By Ishaan . October 27, 2010 . 2:31pm
Who is Yasuhiro Wada?
Ask a large number of enthusiast gamers what “Harvest Moon” is, and chances are, they won’t have a clue. Ask a large number of super-enthusiasts mixed in with a certain sub-set of people that don’t normally play games at all, and there, you’re likely to find folks familiar with the series of farming RPGs.
Harvest Moon is one of, if not the most, inexplicable franchises in videogames today. Ask its various worldwide publishers just what the target demographic for Harvest Moon is, and the only answer you’re likely to get is, “Everyone…I guess.” The difference being, in this case, it’s true.
Or to put things in perspective: long before there was Farmville, there was Harvest Moon. And Yasuhiro Wada is the man who originally conceived this genre of games.
Working through Vacation
Earlier this year, Wada, who has spent the majority of his games career at Marvelous Entertainment, left the company for unspecified reasons right before the organization underwent a strategic overhaul. Months later, he recently re-emerged as the Chief Operating Officer of Grasshopper Manufacture.
But that doesn’t mean he spent the months in between sitting idle. Wada’s very much dedicated to his art, regardless of whether he’s employed or not. “I’ve been drafting game plans,” Wada revealed to Silconera.
“There has been news about the rise of social games and the announcements about the 3DS, but I have been treating those positively,” he says. “No matter what era it is, and how hard it gets, there are many people in the world who love games, and for the sake of the children in the future, I still wish to create games that bring fun and happiness to others.”
Style of Development
Judging by that statement and his past creations (Harvest Moon, Little King’s Story), one might mistakenly imagine Wada has a preference for the light-hearted. But that isn’t so, he tells us. In fact, Blizzard’s Diablo is one of Wada’s favourite games.
“Personally I don’t really tend towards light games,” Wada reveals. “As a player, I also play many M-rated games. I think the reason many of the games I create are happy games is because I express myself that way.”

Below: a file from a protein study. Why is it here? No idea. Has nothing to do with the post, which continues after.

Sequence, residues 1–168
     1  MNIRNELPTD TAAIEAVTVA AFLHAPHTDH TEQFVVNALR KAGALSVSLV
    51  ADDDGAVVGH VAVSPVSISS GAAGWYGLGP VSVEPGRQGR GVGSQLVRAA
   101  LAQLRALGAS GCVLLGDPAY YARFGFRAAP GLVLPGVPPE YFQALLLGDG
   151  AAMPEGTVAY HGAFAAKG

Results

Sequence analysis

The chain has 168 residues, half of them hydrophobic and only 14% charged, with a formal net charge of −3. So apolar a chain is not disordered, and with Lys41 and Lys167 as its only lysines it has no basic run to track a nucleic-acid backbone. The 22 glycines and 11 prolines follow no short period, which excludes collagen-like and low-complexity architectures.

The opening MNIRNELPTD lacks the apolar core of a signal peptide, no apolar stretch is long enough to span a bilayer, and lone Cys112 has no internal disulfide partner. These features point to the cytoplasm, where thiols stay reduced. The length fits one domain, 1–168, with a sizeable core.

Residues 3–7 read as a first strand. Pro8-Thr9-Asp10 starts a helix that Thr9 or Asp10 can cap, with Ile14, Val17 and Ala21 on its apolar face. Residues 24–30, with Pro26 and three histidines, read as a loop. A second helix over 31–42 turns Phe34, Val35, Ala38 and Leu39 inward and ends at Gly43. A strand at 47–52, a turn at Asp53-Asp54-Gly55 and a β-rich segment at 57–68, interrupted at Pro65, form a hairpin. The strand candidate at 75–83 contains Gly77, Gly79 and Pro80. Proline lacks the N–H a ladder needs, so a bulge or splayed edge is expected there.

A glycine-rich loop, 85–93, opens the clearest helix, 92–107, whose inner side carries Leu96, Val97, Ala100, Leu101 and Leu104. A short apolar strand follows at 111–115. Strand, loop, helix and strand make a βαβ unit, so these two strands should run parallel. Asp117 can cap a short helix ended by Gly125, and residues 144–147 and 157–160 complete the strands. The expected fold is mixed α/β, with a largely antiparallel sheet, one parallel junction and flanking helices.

Wada isn’t keen on the idea of mimicking games just because he likes them personally either. Touching upon his love for Diablo, he continued: “I don’t believe I will be creating anything like Diablo because having Diablo itself is enough. But I believe there is the possibility of creating a realistic action-RPG based in a fantasy world.”
The Move to Grasshopper
Wada was executive producer on both No More Heroes and its sequel, Desperate Struggle. This means he was responsible for how the final overall product turned out in both cases.
“I don’t have a comprehensive guideline I use,” he goes on, speaking to his practices as a producer. “The standards for my decisions are whether a game’s concept coincides or has wandered away from the final product, and whether the gameplay is up to par.”
“No More is [Grasshopper CEO] Suda51’s work, and he’s good at violence. As a producer, I just help him make the game reachable to more people,” Wada clarifies to us, regarding the extent of his involvement with the No More Heroes games.
Yes, Suda and Grasshopper certainly are good at violence. But what, then, is Wada doing in the seat of Grasshopper Manufacture’s COO? Does GhM afford him the chance to do things he couldn’t before?
“Rather than saying that Grasshopper will grant me opportunities, it’s more that we — the staff and I — will pool our strength together to create new chances,” Wada says. “Our mission is to create our own original I.P. and to send them out to the world.”
This I.P. should be coming soon, too. Wada’s day-to-day responsibility at Grasshopper is not only that of a COO, but also that of an executive producer across the company’s projects, in line with his recent involvement with their games published by Marvelous.
“As a producer, I hope to be able to announce a new I.P. within the next 2 years,” he reveals. “ As a COO, I hope to create a structure where we can sell several titles within a single year.”
But Wada has a third, even greater responsibility at Grasshopper, and that is to help transform the company into a development house with a wider range of appeal.
“Our dream is to create games that everyone in the world — regardless of age and gender — can and will play,” he tells us of Grasshopper’s ambitions. Suda, he tells, hopes that Wada can impart his experience in this regard to the company.
“This wasn’t my goal, but was rather Suda’s hope,” Wada says. “And it is also in line with mine. That’s why I came to Grasshopper.”